Below are the monthly gain in passenger numbers and percentage monthly gain for this year so far.

Jan 34,222 + 7%
Feb 6,193 + 1.2%
Mar 67,317 + 12.1% (March 2018 saw over 400 cancellations because of the 'Beast from the East')
Apr 11,949 + 1.7%
May 16,427 + 2%
Jun 6,021 + 0.7%
Jul 34,008 + 3.6%
Total 176,137

This year was always likely to see a lesser annual growth than recent years but the 9 mppa level always seemed achieveable, despite losing flybmi, but April, May and June were disappointing.

These have been the passenger number gains and percentage gains over the past four calendar years:

2015 446,000 + 7.1%
2016 823,000 + 12.1%
2017 629,000 + 8.3%
2018 463,000 + 5.6%

That's over 2.36 million in four years.
 

Marko1

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It’s seems that the bigger drops in figures appear on sun routes perhaps where there is lower capacity offered by tui . Nice increase on Paris though which goes to show there is demand on a number of routes for frequencies to increase.
 

TheLocalYokel

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It’s seems that the bigger drops in figures appear on sun routes perhaps where there is lower capacity offered by tui . Nice increase on Paris though which goes to show there is demand on a number of routes for frequencies to increase.
I noticed the Paris increase. The average loads don't seem much less with two rotations a day instead of one. We don't know how the yield fared of course.

I sense that the next year or two will see a general slowing down of aviation growth in the UK, and probably further afield, for a number of reasons.

This calendar year ought still to see growth of well over 200,000 passengers. 2014 saw 208,000 more so in six years annual throughput will have increased by probably around 2.8 million. If growth does slow across the board it might actually not be a bad time for BRS given that its attempts to have its annual passenger limit raised might be a protracted exercise.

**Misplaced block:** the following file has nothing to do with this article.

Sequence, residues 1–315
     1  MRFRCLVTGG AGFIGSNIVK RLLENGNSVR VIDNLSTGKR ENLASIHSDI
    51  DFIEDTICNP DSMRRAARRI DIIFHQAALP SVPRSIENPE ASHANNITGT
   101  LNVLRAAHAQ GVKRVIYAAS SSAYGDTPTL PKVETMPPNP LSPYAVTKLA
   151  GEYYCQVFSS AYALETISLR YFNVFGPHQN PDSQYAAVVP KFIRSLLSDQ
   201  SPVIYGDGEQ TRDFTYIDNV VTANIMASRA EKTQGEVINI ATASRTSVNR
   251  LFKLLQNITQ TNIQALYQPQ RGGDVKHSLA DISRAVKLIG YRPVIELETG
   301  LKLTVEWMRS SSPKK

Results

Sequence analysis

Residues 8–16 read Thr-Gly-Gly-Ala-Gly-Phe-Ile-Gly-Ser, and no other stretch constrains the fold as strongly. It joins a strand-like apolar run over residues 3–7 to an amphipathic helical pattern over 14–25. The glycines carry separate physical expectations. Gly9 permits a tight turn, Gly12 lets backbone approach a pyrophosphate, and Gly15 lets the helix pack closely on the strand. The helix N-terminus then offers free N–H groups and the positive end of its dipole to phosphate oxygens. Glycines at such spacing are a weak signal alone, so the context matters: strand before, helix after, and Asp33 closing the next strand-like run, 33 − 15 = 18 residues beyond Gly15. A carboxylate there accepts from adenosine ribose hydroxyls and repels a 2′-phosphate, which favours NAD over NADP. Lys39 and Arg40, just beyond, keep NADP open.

TheLocalYokel

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The Thomas Cook news means that BRS will be short of around half a million Thomas Cook customers next year. Given that flybmi also ceased to trade in February and carried in excess of 200,000 passengers a year from BRS, 2019 has turned out to be something of a horror show for the airport.

With Brussels and Aberdeen being taken over by other airlines and easyJet and Ryanair increases this year making the flybmi passenger numbers on Paris Cdg and Milan MXP look very small beer (although as yet Ryanair hasn’t shown MXP in its booking engine for next summer, whereas easyJet has in its own booking engine), it’s likely that the loss of the flybmi numbers will be made good in 2019, although four routes will have been lost: Frankfurt, Munich, Hamburg and Dusseldorf.

The TCX passenger numbers are a different matter and probably only a small percentage of those will be replaced by existing airlines next year.

I know that there is a thought in some places that Jet2 is now far more likely but, if it is, I would not have thought it would arrive for 2020.

As things stand it’s probable that BRS annual passenger numbers for 2020 will drop to at least 8.5 million, possibly a bit less. I do stress ‘as things stand’ but I’m not optimistic that anything major will alter that situation.

If 2020 does see a drop in annual passenger numbers it will be only the sixth time since 1970: the other years were 1974, 1985, 1990, 1996 and 2009. Three were linked with recessions, one being 1974 which also has a resonance with the current situation, because the sudden cessation of Court Line and its associated company Clarkson Holidays in August of that year left a huge hole in the operations of a number of regional airports. In percentage terms BRS passenger numbers dropped 36% although 1973 had only seen 289,000 passengers for the entire year. It then took until 1983 for BRS to see over 289,000 annual passengers. I don’t expect it to take that amount of time for the airport to get back to nearly 9 million passengers.